Today I listened to a very interesting, albeit brief, discussion about pre-negotiating the exit before the initial investment at the Venture Panel at the 2010 Wharton Health Care Business Conference. The moderator asked about structured transactions where the upside is capped by way of an option with a pharma company to purchase the asset/company after a predetermined milestone. The panelists were almost all bullish on this idea with some suggesting that they employ this with great frequency. While I’m not surprised, I do think it has become much more acceptable than before given the continued poor exit environment.
Brenda Gavin, Partner at Quaker BioVentures, mentioned that there were only 20 M&A exits in 2009 from venture backed companies that would constitute a good return. She mentioned that there are 3,400 biotechs, all of whom are for sale at any given point. The exit ratio therefore isn’t so good, especially with effectively no IPOs taking place. As such, if a VC can pre-negotiate a “4x” as she mentioned, she would take that any day over an uncertain 10x.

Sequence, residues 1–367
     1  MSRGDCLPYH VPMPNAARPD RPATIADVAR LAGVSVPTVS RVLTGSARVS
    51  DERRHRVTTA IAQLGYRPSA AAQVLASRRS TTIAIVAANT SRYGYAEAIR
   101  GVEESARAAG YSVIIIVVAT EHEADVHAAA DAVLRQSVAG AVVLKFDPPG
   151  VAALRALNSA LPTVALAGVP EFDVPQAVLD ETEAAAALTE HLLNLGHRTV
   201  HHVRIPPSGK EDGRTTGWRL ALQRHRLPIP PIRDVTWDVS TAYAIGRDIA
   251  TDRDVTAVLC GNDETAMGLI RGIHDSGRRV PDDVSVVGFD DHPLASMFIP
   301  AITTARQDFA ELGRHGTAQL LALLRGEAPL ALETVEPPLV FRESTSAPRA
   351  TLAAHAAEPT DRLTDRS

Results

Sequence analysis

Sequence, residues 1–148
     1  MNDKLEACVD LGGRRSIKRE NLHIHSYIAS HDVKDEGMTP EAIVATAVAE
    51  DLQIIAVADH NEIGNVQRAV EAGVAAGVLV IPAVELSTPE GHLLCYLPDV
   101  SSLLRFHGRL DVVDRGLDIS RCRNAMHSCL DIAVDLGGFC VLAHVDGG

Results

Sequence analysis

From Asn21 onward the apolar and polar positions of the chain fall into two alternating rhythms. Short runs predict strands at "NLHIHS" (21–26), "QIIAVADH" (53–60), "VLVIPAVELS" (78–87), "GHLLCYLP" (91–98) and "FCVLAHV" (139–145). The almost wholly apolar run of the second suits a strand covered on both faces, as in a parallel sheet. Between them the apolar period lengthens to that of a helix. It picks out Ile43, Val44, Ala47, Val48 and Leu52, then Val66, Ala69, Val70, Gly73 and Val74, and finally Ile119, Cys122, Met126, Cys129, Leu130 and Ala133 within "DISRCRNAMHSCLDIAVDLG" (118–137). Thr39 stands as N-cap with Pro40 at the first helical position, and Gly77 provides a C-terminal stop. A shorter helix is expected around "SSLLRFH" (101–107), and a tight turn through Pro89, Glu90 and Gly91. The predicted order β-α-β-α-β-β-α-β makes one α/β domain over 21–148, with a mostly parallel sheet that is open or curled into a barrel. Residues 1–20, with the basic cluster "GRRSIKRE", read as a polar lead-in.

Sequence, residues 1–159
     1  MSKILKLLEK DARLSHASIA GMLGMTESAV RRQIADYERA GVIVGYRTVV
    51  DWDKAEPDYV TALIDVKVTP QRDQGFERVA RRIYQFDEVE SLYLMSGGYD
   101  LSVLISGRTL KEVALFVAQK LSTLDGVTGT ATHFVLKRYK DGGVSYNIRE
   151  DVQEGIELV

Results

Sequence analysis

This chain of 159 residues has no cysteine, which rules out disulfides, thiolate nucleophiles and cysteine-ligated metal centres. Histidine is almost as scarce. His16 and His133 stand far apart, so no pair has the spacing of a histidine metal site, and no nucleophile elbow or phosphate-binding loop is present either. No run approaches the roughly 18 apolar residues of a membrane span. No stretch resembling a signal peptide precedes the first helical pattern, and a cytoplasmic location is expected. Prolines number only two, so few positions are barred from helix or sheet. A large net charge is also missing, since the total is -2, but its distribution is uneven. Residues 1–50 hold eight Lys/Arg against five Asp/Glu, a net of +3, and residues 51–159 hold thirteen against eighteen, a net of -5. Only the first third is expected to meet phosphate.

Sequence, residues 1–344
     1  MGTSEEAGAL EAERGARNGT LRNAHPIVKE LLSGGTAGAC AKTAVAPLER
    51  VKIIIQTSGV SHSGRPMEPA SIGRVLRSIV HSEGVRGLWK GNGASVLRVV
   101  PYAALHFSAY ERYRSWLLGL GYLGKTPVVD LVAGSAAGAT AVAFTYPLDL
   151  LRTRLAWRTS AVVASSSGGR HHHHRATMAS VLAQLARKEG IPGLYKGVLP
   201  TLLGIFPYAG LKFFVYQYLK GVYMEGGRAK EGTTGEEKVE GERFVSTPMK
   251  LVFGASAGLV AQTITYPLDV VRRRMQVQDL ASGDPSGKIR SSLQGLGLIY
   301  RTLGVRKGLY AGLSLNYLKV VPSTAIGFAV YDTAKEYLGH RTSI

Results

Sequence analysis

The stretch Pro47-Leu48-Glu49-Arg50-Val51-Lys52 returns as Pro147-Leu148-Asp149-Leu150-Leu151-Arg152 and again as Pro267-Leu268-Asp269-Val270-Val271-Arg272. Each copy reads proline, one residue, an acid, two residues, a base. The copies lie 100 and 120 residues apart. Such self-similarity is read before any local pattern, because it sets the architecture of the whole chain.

Steven St. Peter from MPM commented on the MPM/Novartis strategic fund as well as other non-disclosed deals of a similar option nature with other pharma companies. He said their fund was doing these deals since 1996, but it wasn’t formalized until 2006 with Novartis. His interesting insight is that there is a real range of exit values for biotech M&A. Given the amount that generally needs to be invested to get there, there already is an effective cap on returns. There might be one outlier per year but you can’t set-up your fund expecting outliers. Given the effective cap on M&A returns, why not cap your return earlier to derisk the exit? This makes perfect sense to me and something that was mentioned in this blog half a year ago.
Pharma companies rely on biotechs for a supply of innovative assets to fill their pipeline. They need the VCs to make these risky investments to fund the early stage development. More companies will be asked by their board to find a partner prior to the next round of financing both to derisk the round as well as provide validation. This type of pre-negotiated exit arrangement I predict will become even more common going forward as VCs try to improve their returns.